- Prof. Patrick Baker – University of Melbourne – Professor of Silviculture and Forest Ecology, School of Ecosystem and Forest Sciences
- Dr. Alistair Melzer – Central Queensland University – Adjunct Research Fellow, Koala Research CQ, School of Medical and Applied Sciences and research program leader for koala research at Central Queensland University
- Dr. Chris Armstrong – NSW Office of Chief Scientist and Engineer – NSW Deputy Chief Scientist, Chair of the NSW Koala Strategy expert panel.
The Terms of Reference directed the Commission to consult with Local Land Services, Office of the NSW Chief Scientist & Engineer, NSW Department of Planning and Environment - Energy, Environment and Science and other relevant agencies as required, noting that the review scope did not allow for consultation with external stakeholders.
The Commission also considered government legislative requirements, relevant policy objectives and previous work by independent experts, available literature and community submissions on the draft codes.
The Commission is currently undertaking ongoing work in relation to Farm Forestry and the codes, including overseeing the design and implementation of a Monitoring, Evaluation and Reporting framework and improvements to the Koala Prescription Map.
Improving the evidence base for Farm Forestry
The codes establish the need to monitor, assess and adaptively manage the codes (s4.3  ). Specifically, the codes task the NSW Forest Monitoring Steering Committee (the Committee, which is independently chaired by the Commission) with developing a Monitoring, Evaluation and Reporting (MER) framework. The MER framework will require joint approval by the CEO of Local Land Services and the Secretary of Department of Planning and Environment.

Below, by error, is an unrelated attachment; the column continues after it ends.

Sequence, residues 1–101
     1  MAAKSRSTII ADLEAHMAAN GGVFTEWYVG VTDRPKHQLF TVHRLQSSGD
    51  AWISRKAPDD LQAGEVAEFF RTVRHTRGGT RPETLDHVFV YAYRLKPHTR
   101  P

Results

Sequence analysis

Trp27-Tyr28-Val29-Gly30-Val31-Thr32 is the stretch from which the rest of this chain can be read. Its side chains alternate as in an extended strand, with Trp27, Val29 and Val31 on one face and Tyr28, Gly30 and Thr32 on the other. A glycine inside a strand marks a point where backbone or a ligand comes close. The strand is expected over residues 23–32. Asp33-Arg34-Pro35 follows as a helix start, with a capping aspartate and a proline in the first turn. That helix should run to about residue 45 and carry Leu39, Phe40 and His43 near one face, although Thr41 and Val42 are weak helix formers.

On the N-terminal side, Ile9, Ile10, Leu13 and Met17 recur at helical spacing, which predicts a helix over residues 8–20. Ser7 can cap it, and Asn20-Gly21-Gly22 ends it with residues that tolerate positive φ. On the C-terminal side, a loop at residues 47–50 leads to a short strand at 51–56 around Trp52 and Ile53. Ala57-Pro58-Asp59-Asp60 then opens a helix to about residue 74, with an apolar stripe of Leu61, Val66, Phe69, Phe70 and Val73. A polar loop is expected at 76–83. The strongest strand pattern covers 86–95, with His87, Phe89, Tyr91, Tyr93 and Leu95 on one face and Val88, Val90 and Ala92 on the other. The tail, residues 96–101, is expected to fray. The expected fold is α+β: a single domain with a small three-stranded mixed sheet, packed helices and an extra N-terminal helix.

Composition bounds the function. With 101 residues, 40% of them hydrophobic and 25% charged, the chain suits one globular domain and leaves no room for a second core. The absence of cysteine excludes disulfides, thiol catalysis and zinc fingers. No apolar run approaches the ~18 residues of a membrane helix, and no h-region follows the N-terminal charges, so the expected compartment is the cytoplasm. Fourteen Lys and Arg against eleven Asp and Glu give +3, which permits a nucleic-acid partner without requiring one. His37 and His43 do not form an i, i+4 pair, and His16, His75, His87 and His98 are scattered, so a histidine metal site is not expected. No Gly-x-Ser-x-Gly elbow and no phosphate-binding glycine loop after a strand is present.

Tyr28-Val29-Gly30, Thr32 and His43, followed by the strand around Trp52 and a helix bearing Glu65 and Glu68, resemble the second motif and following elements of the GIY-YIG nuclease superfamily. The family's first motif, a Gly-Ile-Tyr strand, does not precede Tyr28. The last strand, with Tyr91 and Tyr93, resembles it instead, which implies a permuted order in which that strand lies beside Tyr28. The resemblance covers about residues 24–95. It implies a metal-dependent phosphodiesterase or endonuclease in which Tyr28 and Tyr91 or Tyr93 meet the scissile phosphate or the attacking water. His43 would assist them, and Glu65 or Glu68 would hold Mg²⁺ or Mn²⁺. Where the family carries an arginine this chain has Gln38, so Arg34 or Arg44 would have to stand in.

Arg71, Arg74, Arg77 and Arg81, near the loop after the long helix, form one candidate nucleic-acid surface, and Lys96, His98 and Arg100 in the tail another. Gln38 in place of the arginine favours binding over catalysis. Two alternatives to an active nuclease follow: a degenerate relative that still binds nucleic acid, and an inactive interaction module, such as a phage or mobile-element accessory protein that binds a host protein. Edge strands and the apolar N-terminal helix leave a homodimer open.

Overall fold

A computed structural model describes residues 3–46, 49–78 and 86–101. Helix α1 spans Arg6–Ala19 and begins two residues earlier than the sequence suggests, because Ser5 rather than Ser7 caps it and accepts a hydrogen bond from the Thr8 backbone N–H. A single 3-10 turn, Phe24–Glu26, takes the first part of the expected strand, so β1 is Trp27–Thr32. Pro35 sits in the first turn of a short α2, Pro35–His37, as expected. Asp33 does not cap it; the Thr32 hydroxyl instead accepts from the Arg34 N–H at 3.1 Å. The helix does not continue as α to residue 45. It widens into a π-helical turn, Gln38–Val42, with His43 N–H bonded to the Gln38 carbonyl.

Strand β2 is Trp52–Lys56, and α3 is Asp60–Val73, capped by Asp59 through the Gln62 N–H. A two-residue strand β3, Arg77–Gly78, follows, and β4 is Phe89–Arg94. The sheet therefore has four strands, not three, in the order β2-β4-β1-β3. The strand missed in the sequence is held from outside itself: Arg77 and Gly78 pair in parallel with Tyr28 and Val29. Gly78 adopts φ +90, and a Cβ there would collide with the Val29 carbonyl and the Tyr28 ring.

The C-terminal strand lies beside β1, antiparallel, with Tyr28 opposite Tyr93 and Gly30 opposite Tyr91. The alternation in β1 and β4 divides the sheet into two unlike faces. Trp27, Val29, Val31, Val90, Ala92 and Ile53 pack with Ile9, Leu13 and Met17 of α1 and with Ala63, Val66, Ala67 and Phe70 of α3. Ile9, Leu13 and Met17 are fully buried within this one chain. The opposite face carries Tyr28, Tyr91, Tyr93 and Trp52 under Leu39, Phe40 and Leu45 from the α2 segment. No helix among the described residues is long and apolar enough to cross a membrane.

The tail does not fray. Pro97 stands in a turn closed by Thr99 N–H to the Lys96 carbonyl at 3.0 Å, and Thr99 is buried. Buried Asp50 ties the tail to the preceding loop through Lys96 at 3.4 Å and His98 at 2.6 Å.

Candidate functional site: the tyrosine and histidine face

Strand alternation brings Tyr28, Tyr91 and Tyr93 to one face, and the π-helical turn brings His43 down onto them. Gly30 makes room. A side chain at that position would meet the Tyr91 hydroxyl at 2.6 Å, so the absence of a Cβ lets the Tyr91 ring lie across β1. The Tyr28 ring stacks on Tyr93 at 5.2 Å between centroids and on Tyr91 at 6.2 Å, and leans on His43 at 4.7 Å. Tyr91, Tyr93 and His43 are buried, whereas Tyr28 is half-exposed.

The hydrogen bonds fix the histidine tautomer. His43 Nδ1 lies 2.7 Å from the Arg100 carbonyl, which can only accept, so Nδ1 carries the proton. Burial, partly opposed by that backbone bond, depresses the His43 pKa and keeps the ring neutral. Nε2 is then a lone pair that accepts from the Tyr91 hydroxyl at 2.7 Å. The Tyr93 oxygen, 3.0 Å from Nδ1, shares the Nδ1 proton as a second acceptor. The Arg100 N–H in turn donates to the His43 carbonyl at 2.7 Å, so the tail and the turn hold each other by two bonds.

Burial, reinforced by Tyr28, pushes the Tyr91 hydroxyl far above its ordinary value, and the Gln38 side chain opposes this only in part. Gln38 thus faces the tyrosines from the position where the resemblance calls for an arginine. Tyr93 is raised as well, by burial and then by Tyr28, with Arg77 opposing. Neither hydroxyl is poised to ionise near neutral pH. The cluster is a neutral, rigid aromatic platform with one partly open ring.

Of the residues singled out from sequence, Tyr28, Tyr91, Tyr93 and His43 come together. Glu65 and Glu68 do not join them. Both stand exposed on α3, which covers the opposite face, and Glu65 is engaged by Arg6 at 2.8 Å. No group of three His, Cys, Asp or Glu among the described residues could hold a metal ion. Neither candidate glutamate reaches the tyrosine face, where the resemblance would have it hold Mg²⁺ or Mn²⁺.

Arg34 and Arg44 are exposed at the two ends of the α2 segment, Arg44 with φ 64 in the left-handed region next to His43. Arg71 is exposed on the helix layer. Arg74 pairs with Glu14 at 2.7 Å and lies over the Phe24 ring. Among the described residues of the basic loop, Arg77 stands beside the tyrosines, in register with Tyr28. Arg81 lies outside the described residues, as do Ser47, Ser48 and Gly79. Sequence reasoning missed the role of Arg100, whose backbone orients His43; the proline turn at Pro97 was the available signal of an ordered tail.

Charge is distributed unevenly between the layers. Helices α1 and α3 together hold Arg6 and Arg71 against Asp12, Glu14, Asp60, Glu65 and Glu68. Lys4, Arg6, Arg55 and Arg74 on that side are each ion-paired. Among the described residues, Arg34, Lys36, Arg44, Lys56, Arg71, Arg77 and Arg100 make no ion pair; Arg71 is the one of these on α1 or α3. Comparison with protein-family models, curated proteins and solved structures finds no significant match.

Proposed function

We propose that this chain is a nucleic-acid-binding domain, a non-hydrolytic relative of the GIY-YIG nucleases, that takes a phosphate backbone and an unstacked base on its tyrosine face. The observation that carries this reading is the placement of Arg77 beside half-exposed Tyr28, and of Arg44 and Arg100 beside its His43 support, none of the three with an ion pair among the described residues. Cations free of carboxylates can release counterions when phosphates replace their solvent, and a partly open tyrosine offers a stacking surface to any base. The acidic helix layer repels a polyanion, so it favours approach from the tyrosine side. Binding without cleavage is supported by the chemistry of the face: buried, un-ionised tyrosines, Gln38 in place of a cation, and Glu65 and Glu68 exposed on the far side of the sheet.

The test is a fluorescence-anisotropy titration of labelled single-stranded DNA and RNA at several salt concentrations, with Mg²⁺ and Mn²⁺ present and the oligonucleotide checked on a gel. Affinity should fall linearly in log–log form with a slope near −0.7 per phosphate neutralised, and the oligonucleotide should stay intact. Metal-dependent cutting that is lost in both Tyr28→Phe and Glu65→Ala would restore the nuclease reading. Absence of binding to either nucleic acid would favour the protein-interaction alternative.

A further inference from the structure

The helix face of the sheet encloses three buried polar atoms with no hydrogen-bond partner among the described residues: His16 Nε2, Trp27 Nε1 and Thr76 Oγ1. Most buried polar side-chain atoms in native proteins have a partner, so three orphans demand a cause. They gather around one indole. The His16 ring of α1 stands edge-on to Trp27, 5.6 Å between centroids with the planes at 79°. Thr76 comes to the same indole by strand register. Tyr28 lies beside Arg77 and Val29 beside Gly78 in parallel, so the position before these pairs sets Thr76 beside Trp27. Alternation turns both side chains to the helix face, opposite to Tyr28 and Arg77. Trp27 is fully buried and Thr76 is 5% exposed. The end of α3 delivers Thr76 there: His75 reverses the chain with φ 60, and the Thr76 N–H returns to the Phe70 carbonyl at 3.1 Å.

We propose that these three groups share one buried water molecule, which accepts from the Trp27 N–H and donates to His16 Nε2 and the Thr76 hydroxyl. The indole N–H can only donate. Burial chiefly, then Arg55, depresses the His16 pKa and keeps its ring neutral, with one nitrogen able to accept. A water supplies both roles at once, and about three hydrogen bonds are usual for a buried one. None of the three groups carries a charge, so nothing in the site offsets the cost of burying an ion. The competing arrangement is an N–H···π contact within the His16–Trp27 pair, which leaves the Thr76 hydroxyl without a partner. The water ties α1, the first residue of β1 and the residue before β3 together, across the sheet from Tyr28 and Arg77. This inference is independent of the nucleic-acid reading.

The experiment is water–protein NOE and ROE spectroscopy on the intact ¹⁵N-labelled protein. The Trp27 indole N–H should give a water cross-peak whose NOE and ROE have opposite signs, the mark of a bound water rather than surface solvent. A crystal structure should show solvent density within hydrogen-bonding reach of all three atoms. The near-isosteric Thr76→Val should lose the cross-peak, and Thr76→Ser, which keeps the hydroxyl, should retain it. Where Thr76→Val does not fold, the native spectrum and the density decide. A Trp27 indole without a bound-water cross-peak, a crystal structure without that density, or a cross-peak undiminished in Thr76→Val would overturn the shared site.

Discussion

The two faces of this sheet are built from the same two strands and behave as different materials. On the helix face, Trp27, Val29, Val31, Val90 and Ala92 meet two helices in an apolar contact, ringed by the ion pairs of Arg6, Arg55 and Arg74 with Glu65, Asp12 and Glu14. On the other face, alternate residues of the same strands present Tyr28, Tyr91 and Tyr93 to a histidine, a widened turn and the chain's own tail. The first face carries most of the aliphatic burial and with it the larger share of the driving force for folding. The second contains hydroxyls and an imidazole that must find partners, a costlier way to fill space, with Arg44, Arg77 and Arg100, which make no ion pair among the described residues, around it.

The Committee oversees the overarching NSW Forest Monitoring and Improvement Program (the program). This program improves the evidence-base for decision-making for forest management across tenures. Activities under the MER framework will align with and inform the broader program.
As required by the codes, the Committee will conduct annual checks to ensure the evidence base is up-to-date, identify emerging evidence from monitoring and research and opportunities to improve the codes. The Committee will also formally assess the data and evidence every five years and advise relevant Ministers whether there is sufficient evidence to warrant a review of the codes.
Improving the Koala Prescription Mapping
As part of its review, the Commission worked with scientists at the NSW Department of Planning and Environment - Energy, Environment and Science group and Department of Primary Industries Forest Science Unit to develop a fit-for-purpose interim PNF Koala Prescription Map for each code region. These maps are adopted in the codes.
The codes specify that the NSW Forest Monitoring Steering Committee (independently chaired by the Commission) will oversee updates to the map. The Commission and Committee will continue to work with agency scientists and experts on to further refine the PNF Koala Prescription Map over time and will provide updates as this work progresses.